Multijunction Solar Cells - Technology Imitates Nature

Remember your basic Biology 101 and photosynthesis?

In case you need a refresher on the topic, photosynthesis is how a plant converts light into energy, which it uses to run its metabolic processes. Multijunction solar represent the mechanical, artificial analogue to this biological process. But before we get into that, let's take a look at your basic solar cell.

It's Been Around Longer Than You Think
The idea of generating electricity using sunlight dates back almost to the time people started using electricity. In fact, a photovoltaic effect was first produced around 1840 - not long after Queen

Victoria ascended to the British throne. However, it was another fifty years or so before someone actually created a working solar cell, and another twelve years before Einstein was able to explain how it worked (he won the 1921 Nobel Prize for that). The first modern multijunction solar were made just after World War II.

In simple terms, a solar produces electricity when sunlight (photons) hit the surface. This sunlight is absorbed by a semi-conductor, usually silicon. This causes electrons, the subatomic particles that carry a negative electrical charge, to come loose from the atom, which ultimately produces electrical current.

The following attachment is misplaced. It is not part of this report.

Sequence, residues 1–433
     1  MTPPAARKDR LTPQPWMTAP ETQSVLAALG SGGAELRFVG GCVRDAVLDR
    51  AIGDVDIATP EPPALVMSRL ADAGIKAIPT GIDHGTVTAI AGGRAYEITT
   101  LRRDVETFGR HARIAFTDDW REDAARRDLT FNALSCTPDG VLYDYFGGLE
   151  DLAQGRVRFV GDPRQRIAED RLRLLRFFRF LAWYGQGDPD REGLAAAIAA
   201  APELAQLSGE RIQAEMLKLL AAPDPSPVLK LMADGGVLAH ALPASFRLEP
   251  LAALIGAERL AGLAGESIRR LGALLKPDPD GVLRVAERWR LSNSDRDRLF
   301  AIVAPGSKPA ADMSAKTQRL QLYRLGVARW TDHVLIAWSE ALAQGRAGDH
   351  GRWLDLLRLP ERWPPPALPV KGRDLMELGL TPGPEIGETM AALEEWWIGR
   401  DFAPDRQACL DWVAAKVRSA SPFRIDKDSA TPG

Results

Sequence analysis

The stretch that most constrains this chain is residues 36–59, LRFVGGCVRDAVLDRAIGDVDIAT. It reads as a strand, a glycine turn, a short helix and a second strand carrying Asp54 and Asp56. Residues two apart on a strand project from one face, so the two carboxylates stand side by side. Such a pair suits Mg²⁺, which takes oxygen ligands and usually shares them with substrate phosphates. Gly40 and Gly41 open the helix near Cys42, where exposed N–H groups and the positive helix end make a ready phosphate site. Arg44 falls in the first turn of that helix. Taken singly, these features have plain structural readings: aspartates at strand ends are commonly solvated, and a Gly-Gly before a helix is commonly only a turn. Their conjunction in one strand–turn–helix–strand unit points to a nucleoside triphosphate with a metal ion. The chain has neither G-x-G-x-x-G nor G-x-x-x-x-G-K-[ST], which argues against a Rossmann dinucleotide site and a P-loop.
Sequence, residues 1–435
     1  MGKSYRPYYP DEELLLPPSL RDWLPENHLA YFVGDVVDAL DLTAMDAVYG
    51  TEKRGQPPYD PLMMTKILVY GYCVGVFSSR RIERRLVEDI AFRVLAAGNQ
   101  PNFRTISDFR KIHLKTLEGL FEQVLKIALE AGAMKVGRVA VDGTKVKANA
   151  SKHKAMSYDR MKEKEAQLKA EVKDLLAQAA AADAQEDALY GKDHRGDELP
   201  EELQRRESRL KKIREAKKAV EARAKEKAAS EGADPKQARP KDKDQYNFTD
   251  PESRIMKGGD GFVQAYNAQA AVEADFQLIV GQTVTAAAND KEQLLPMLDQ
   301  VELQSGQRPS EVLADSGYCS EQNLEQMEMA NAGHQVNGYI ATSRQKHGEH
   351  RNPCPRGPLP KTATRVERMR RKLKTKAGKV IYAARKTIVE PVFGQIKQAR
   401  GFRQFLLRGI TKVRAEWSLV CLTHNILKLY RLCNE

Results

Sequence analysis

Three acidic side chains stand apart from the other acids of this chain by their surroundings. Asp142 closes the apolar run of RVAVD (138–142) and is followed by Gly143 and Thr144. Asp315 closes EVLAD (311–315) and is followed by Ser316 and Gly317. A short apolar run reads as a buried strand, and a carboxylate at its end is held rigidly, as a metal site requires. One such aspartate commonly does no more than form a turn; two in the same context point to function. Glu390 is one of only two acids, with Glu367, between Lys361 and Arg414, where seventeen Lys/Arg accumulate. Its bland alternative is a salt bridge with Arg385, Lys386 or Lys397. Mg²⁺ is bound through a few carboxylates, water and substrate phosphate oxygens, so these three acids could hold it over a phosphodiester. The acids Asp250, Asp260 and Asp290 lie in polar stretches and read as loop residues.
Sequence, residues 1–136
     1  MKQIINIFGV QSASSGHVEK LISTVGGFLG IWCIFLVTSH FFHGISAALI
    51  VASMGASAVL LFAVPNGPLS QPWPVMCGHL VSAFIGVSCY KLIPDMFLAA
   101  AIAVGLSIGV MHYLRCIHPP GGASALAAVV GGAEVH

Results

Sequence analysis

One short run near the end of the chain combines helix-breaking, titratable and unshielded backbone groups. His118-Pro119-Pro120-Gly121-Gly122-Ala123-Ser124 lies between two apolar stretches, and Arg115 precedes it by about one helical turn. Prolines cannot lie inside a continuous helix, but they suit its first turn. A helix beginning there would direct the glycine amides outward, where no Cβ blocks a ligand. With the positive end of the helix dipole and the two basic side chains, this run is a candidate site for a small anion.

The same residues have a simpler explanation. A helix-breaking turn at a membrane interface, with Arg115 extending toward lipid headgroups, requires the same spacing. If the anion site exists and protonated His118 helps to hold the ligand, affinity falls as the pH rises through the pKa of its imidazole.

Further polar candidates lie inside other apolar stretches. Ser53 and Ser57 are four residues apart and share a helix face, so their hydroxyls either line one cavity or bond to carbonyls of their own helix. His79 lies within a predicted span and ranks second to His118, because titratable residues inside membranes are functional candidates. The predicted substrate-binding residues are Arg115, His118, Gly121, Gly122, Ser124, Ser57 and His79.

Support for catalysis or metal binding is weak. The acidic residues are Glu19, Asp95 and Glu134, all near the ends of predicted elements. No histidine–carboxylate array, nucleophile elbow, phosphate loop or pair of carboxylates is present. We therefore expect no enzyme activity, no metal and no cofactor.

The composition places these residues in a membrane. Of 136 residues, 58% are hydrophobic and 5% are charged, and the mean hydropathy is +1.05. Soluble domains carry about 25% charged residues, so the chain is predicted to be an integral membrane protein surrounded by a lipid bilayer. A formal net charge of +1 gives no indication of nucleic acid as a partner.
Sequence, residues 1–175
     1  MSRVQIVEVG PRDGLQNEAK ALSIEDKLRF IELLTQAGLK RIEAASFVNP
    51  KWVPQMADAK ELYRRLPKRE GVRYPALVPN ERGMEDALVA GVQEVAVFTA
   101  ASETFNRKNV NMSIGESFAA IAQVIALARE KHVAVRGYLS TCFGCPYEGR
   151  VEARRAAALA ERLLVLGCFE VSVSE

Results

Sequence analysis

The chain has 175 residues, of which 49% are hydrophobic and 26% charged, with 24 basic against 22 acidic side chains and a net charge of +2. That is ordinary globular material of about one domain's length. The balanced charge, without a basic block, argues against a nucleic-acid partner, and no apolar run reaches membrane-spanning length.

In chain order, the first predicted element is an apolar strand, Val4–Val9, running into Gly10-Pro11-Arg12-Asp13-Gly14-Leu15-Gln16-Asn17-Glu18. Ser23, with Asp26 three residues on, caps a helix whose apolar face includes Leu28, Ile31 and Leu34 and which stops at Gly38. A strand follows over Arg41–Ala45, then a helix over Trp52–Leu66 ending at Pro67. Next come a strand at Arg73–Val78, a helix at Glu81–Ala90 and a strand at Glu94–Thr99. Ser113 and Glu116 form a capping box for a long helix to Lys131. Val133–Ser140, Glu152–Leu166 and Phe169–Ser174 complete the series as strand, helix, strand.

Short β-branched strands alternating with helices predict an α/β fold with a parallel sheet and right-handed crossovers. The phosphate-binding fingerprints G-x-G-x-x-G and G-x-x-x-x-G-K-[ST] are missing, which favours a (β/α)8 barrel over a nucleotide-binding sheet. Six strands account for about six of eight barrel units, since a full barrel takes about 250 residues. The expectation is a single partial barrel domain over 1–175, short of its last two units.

The Problem - and Solutions
The problem with those silicon flat-panel solar arrays is that they aren't terribly efficient. However, a cpv solar cell array can have an efficiency rate of over 40%, meaning that two-fifths of the light that hits the surface is converted into electrical current. This figure is going up, and within the next year or so, a cpv solar cell array will have what is called grid parity with today's fossil-fueled power plants, meaning that a grid of solar cells will produce the same amount of energy as an equivalent fossil fuel setup.

The secret is that new solar cells have multiple layers, each of which captures a different part of the light spectrum. As you probably know, sunlight contains several different colors, which we cannot perceive until that sunlight is broken up into its components by a prism, such as a crystal or water droplets. You see the different parts of the spectrum when a rainbow forms in the sky after a rainstorm.

Regular solar cells with a single layer are only able to capture part of the spectrum; CPV cell layers are "tuned" specifically to capture the entire spectrum.
Efficiency is further increased in an array using concentrated photovoltaic cells, in which various devices - such as mirrors and fresnel lenses - are employed to increase the intensity of the sunlight hitting the surface.

Wayne Hemrick writes about-- multijunction solar cells

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